I also remember that Coach Smith - in response to our telling him that we assumed that our notes only would be on the test instead of what was in the book...gave us a lesson in the definition of the word "assume" complete with lines (ass/u/me). Yeah. He was right, too. I also liked him because as a senior I had the insane idea that I'd try to play basketball (a true overstatement). The others would have to shoot three in a row before they could go. Me? One. Just one. Sometimes I'd be there alone on the free throw line as I was pretty hopeless. But eventually, I got slightly better, allowing me to score one point in a game...naturally...a free throw. In retrospect, we had to be winning by a fairly large margin if I was in that game, and was probably fouled because somebody wanted to take a "real" player out...but whatever.
9th Grade - Mr. Thomas Lilliott gave us vocabulary words every week and I diligently memorized them. It was almost like an awakening and I do believe that because of him I love words and writing as much as I do. Most of the vocabulary I have and use today was learned that year. I know that the football team took great joy in locking him in his closet, and that he eventually opted to quit teaching high school, but from him...I learned.
10th Grade - Mrs. King in World History wore a hearing aid. At least once a week, one of two classmates would go up to her desk and not pronounce every word that they were saying so she thought she was experiencing a malfunction with her hearing aid. Several times, people just got up and walked out after telling her that the bell had rung. This was awful and mean, and for participating in this, I am truly sorry. But at the time...it was truly hilarious. And I believe that at least one of the two biggest perpetrators spent time in jail, and the rest of us blew our eardrums out on AC/DC in the early 1980s, so I'm thinking that Mrs. King is getting the last laugh.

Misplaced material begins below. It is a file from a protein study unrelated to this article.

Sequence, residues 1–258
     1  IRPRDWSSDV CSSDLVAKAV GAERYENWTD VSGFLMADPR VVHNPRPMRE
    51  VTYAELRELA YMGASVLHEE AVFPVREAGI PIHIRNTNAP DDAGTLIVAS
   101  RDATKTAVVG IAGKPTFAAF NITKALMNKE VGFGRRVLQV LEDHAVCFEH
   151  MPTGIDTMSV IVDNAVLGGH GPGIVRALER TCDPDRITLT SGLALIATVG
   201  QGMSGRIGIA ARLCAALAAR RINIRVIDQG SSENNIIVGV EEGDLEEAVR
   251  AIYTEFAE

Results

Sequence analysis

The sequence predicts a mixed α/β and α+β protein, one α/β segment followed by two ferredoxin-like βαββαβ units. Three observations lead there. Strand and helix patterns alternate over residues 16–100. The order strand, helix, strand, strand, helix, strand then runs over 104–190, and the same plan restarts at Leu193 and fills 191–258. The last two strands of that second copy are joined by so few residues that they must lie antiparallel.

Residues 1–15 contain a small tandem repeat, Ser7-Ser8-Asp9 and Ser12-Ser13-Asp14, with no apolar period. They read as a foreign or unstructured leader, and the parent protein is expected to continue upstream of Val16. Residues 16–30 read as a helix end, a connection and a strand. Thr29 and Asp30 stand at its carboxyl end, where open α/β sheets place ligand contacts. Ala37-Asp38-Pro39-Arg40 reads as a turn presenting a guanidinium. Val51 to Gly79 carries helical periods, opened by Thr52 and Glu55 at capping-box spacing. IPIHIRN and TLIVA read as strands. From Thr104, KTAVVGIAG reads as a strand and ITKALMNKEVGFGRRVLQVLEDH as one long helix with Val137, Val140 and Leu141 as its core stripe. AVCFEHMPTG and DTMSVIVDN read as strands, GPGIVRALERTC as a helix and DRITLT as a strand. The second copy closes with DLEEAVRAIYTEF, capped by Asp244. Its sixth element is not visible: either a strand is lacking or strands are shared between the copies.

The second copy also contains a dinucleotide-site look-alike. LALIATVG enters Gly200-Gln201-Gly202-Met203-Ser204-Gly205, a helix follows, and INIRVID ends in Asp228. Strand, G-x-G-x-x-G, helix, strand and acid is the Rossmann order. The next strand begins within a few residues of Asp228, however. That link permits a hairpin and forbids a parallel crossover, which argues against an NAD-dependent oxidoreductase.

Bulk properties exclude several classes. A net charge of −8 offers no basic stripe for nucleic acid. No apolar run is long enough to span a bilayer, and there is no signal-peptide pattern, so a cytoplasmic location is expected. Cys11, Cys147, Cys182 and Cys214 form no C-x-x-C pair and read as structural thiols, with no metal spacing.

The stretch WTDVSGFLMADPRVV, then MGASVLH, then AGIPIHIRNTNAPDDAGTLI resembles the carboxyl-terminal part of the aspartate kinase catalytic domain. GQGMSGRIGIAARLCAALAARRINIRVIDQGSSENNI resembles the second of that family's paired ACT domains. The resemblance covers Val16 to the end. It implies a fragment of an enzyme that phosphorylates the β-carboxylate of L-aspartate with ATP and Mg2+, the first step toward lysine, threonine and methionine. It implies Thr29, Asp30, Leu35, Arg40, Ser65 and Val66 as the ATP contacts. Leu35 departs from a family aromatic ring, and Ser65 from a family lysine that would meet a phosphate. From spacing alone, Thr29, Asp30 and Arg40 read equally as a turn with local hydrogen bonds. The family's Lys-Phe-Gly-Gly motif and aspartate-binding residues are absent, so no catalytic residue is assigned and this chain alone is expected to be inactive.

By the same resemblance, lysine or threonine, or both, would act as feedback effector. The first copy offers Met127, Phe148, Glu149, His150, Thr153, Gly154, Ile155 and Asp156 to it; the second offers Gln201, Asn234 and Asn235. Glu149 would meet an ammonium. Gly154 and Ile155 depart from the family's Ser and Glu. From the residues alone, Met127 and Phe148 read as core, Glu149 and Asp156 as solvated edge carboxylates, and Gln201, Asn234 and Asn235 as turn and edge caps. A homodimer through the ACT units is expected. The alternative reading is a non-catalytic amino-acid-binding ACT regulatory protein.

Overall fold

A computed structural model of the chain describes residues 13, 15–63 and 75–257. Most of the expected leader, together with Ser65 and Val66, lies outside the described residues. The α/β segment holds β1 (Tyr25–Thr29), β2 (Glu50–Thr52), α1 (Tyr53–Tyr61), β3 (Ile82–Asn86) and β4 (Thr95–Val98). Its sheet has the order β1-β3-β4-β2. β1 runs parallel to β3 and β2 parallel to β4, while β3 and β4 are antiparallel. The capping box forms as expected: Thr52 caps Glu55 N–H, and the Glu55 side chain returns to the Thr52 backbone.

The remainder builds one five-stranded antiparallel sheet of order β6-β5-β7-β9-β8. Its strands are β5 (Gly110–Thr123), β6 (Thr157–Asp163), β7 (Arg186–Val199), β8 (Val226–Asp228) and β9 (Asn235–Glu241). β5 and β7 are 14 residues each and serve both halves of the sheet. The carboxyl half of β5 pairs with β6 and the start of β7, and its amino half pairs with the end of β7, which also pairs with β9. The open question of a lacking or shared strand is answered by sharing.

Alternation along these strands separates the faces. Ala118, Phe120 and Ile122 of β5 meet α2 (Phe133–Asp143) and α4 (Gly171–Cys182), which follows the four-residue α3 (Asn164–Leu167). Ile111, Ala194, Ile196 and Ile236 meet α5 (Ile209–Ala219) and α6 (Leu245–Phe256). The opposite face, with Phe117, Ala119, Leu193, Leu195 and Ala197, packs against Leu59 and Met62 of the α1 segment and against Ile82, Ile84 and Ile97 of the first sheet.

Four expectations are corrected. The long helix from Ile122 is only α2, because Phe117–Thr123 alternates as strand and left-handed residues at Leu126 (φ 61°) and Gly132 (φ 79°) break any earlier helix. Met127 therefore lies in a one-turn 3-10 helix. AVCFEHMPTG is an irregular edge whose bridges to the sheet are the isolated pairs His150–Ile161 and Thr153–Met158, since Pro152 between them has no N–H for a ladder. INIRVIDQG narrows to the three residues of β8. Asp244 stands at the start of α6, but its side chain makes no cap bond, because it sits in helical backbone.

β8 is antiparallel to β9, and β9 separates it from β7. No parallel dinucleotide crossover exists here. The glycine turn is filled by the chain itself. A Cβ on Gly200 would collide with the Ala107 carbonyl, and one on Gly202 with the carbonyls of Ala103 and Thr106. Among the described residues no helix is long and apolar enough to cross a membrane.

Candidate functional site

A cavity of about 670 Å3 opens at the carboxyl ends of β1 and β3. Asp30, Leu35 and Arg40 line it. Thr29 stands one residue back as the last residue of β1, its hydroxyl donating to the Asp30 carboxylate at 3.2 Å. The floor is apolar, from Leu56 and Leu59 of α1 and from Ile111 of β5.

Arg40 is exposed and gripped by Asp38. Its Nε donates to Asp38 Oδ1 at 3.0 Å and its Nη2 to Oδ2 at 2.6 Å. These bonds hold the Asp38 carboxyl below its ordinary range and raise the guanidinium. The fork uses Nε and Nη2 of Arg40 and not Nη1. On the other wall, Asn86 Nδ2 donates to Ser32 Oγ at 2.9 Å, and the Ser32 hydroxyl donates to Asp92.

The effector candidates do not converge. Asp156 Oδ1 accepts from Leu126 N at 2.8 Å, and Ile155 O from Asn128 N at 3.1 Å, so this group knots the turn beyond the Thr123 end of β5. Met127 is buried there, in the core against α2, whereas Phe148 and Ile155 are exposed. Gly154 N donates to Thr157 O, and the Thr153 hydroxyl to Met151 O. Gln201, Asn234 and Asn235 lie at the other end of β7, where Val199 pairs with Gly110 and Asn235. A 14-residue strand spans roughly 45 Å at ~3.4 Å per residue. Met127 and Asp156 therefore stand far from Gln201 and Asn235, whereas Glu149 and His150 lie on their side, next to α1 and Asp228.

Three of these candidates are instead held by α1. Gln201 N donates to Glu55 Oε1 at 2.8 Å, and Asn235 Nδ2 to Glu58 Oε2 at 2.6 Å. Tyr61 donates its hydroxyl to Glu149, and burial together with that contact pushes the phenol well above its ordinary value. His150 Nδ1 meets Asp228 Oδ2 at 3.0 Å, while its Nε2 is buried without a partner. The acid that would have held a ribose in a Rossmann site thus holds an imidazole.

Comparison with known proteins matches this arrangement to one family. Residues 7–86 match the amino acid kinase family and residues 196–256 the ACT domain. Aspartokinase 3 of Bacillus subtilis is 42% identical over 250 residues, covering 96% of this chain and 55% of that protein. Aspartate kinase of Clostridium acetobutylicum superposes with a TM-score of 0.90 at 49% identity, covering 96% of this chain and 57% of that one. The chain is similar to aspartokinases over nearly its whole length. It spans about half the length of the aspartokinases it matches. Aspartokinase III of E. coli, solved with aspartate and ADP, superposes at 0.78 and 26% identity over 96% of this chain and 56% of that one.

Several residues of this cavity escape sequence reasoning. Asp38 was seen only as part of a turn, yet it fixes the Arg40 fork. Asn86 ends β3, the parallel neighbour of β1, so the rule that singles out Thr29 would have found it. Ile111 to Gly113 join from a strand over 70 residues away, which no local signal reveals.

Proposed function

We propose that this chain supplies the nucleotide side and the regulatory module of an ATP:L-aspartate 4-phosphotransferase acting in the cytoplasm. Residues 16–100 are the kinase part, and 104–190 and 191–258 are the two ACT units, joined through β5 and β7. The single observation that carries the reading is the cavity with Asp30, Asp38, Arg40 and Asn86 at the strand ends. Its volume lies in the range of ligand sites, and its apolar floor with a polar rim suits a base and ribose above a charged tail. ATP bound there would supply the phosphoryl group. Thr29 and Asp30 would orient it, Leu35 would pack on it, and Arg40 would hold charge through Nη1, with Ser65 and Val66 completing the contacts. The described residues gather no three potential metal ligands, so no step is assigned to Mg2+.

11th Grade - Mr. John Gillespie was the band director for the R. E. Lee Marching Band and the Lee High Singers who was also an original member of Dr. Johnny Long's "Sound of the South" marching band in Troy, Alabama. Ironically, I graduated from Troy State University (now Troy University) and my husband was actually in that band for one semester.
I had absolutely no range as a singer, and was more interested in twirling a baton than practicing my clarinet anymore, but I really respected Mr. G. I did learn a slight appreciation for show tunes and classical music, and I now wonder at how he changed the "show" every week in one week...with the boneheaded high school kids he had to work with each year. My children's school band learns one "show" a year. ONE! (And if I hear Sheryl Crow's "Soak Up the Sun" at any point, I cannot be held responsible if I snap.)
12th Grade - Mrs. Watson was our English teacher, and for extra credit (meaning...I was desperate), I spent spring break that year learning the "To be or not to be..." soliloquy from "Hamlet." Egad. But, I was able to get through English 101 and 102 in college with little fanfare...so that was a good thing, right?
In college, because of my two experiences, I cannot really elaborate. My Wesleyan years were two years of non-application on my part, and the Troy years were two years of total immersion in my studies. I don't know if this is still possible to do, but I graduated from Troy summa cum laude because my grade point average from Wesleyan (and other courses) did not transfer and they started over. Hours, yes. Grades, no. Yeah. Amazing what happens when one does not take one's Money and Banking book to study during 3-for-1 drinks at Main Street (in Macon) and instead body slammed anyone speaking above a whisper while studying in the chapter room (in Troy.)
So, friends who are getting ready to go back into the classroom...who are dreading regular hours, no potty breaks, lunch on the go, parents, paperwork, and the new abomination - "mandatory furlough days" - may the Lord be with you...even if you aren't supposed to talk about Him in your classrooms.
And know that among your "flock" there are young people who need what you have to offer - or may be about to teach YOU something. On those days where you wonder why you signed up for this...know that you are special and unique and valuable. Thanks for being you and doing what you do. It really DOES matter.
P.S. And if any of the above scared you into quitting. Don't. :)